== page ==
And Monty Don made me grit my teeth a bit last night on Gardeners’ World when he told us we should be picking our sweet peas regularly. Ha! Not in our case!

Good news on the veggie front though as we have our first small harvest of the mangetouts:

And the French climbing beans are slowly on their way – I do love their dark stems. So elegant.

Here is the harvest of carnations, lilies, asparagus (our last cropping of this one) and some mangetouts:

Here are the vases at home:

Have a lovely weekend, everyone! And happy Fathers Day

Anne Brooke Books


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The kindness of gardeners

I must say once again how kind gardeners are! After my courgette disaster of last week, the lovely Maureen at my church job has donated one of her courgette plants and a cloche into our tender care – thank you, Maureen! Here it is in its new position, and I am praying hard for its survival!

Whilst we were on the allotment this morning, the equally lovely Melissa kindly donated one of her spare rhubarb plants to us as well, so a huge thank you for that too!

We have removed most of the old daffodils and some of the tulips so we have space for other crops. I leave the daffodils at the allotment for planting out for next spring, and I take the tulips home for planting in the garden (and get new tulips for the allotment next year).

So we have planted out our cabbages and netted them to try to ensure survival:

And K also planted some fresh pea seeds so we can get a succession of crops:

Though of course all you can see at the moment is netting! Speaking of which we have netted our gooseberry bush in the soft fruit area now as it has fruit on it and the birds go crazy for them even when they’re not ripe so we are determined to gather as much of the harvest as possible for ourselves:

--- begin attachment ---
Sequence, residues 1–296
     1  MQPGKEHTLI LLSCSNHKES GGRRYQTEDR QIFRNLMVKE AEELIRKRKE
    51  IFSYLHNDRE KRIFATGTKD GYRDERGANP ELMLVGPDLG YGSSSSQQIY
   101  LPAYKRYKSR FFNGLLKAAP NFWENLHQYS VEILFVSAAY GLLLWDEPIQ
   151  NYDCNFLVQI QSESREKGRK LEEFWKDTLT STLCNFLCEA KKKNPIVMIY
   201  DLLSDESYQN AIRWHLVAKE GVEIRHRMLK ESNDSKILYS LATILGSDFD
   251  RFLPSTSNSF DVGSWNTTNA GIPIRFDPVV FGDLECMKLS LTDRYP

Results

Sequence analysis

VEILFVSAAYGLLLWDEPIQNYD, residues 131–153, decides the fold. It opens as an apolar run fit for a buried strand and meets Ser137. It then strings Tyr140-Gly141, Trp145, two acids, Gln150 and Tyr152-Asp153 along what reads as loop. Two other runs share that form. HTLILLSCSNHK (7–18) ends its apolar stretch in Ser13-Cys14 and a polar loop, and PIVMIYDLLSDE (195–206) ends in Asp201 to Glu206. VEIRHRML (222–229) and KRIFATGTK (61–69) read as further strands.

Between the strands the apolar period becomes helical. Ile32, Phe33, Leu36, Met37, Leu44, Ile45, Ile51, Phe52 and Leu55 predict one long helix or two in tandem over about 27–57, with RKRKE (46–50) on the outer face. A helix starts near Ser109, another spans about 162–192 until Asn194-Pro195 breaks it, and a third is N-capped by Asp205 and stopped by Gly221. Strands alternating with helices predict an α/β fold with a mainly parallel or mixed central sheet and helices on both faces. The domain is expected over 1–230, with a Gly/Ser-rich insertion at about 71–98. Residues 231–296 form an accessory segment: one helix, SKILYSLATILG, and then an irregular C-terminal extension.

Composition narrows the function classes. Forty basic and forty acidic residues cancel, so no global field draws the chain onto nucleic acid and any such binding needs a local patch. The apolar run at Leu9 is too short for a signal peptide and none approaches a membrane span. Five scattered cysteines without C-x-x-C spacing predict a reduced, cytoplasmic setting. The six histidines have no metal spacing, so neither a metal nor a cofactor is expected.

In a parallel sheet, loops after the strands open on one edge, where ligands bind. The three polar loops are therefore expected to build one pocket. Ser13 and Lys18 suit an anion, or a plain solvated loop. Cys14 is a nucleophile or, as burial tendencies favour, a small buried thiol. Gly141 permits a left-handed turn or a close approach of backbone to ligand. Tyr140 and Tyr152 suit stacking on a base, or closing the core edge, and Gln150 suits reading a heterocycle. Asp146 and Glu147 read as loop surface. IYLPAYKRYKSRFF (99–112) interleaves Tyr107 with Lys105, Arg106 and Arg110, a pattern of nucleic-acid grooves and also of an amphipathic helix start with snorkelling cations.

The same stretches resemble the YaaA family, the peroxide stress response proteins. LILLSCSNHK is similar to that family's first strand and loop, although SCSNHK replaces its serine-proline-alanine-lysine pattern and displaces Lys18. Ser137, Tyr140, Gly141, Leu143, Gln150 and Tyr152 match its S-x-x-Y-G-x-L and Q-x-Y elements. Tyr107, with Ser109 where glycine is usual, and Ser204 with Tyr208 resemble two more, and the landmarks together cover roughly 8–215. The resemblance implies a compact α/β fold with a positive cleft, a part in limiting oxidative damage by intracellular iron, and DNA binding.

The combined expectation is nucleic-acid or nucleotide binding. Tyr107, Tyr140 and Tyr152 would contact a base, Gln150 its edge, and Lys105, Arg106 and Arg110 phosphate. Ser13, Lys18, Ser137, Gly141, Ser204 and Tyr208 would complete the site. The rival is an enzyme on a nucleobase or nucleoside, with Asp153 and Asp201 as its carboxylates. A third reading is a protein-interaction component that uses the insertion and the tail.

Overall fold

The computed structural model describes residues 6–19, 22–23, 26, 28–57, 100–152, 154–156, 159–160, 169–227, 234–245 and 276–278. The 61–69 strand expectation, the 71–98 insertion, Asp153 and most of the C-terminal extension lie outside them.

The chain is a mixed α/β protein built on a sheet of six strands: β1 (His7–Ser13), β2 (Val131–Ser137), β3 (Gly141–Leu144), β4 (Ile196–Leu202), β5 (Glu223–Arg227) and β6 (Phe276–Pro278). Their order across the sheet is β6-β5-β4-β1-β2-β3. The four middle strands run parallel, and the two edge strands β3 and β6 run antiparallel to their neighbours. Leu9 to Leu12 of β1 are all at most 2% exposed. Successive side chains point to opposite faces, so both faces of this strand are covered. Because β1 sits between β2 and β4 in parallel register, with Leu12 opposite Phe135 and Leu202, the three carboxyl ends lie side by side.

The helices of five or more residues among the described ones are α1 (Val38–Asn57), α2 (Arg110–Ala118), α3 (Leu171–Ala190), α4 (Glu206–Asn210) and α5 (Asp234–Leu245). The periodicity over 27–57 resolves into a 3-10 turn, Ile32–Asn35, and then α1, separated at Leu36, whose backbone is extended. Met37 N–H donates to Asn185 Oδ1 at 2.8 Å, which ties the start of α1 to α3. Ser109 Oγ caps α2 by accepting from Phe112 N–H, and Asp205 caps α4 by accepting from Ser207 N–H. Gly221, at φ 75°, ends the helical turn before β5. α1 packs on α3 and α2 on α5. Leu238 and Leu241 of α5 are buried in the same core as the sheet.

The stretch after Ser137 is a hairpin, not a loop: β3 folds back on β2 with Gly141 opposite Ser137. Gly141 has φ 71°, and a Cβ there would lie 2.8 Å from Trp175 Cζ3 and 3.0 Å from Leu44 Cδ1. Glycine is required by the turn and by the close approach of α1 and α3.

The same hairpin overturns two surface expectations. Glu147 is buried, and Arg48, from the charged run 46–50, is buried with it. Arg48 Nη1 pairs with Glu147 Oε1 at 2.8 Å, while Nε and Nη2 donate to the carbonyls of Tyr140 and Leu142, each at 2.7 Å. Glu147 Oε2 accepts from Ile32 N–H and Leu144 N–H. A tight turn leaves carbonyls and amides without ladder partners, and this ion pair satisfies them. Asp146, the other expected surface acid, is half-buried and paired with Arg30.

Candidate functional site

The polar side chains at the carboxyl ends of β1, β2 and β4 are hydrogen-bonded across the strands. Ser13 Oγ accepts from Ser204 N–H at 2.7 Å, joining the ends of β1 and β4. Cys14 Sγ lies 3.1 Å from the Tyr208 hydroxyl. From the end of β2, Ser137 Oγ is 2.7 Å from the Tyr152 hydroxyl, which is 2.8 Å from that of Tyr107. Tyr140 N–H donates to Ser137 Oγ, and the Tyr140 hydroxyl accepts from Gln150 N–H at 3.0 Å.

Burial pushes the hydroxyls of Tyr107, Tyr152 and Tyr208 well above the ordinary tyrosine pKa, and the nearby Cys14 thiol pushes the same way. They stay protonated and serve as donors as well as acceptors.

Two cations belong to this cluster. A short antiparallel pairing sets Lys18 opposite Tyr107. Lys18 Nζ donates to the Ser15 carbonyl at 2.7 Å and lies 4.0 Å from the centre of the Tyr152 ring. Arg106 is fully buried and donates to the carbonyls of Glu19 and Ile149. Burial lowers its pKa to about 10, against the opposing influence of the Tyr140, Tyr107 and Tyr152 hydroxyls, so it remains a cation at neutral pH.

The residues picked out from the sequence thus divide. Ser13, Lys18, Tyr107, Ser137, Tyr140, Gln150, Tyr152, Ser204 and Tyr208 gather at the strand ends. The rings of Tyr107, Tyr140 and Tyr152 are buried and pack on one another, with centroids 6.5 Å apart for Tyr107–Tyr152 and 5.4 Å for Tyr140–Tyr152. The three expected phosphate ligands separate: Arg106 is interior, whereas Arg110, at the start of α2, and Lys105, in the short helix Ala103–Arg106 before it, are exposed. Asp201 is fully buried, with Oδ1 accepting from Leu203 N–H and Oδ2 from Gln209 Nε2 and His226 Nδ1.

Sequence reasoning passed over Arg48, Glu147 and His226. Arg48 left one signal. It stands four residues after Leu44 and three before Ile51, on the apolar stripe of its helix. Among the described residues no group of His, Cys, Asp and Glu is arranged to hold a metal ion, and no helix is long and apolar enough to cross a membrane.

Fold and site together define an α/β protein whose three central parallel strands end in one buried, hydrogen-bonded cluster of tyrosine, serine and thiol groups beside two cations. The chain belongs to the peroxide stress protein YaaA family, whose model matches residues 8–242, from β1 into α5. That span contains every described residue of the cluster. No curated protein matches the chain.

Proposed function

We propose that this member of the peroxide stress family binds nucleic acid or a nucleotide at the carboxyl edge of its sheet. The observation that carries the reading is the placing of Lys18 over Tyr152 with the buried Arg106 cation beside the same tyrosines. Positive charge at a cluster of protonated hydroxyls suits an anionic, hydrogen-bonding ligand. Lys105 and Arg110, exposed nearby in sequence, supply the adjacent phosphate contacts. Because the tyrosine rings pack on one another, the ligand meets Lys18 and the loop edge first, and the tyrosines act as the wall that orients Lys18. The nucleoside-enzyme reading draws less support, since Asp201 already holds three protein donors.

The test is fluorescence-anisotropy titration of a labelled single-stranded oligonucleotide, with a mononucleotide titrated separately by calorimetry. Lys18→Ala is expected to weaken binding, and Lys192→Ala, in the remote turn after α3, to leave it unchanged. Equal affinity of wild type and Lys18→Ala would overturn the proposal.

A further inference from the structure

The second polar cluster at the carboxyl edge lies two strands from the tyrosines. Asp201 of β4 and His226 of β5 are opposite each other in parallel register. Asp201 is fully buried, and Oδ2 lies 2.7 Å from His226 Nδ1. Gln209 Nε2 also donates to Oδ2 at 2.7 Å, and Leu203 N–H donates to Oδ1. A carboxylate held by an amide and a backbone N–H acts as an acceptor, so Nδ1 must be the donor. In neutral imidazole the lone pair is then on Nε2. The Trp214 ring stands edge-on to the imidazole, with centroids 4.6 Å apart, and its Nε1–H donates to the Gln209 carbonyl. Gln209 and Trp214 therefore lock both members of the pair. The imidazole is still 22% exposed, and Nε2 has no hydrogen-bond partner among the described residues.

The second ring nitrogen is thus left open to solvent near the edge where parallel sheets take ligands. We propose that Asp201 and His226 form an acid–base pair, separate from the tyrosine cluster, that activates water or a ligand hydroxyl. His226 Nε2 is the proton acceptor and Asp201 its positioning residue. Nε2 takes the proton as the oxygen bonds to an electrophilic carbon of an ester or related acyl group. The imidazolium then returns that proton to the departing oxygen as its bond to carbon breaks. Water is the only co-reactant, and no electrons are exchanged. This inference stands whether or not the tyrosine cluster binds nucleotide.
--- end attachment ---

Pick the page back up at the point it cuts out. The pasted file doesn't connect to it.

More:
Our sweet peas are also doing well in their new position on the other side of the shed:

Our verbascums are also out at last – late due to the poor weather in May, but still welcome:

I also planted out a whole lot of sweet williams but for some reason didn’t take a picture of them, so I will try to remember to do that next week!

Here is our harvest of verbascums, asparagus & rhubarb:

Have a great weekend, everyone!

Anne Brooke Books


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French Beans and Daffodils

Huge amounts of weeding to do on the allotment this week as we didn’t go last weekend as the weather was so appalling. Actually it wasn’t much better today but we had wellies and raincoats so were just about fine.

While we were away, the asparagus went mad:

And the rhubarb wasn’t that far behind either, which is brilliant news for today’s rhubarb crumble:

The lilies are also coming along nicely:

And the soft fruit bed is looking good too (must be the rain!):

While I was weeding and hoeing like a crazy woman, K got to grips with the long grass around the plot and also set up a climbing frame for the French beans which we planted today. Here you can see them with a rather sad looking courgette which we also added (front of pic):

I have also removed most of the daffodils from one of the beds they’ve been in and plan to tackle the other bed next week, weather permitting. I will store these in the shed and those that survive will be planted again in the autumn:

Here is the harvest – which consists of asparagus, rhubarb and two lone tulips!

Have a great Sunday, everyone, and stay dry!

Anne Brooke Books


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Dahlia and Beetroot planting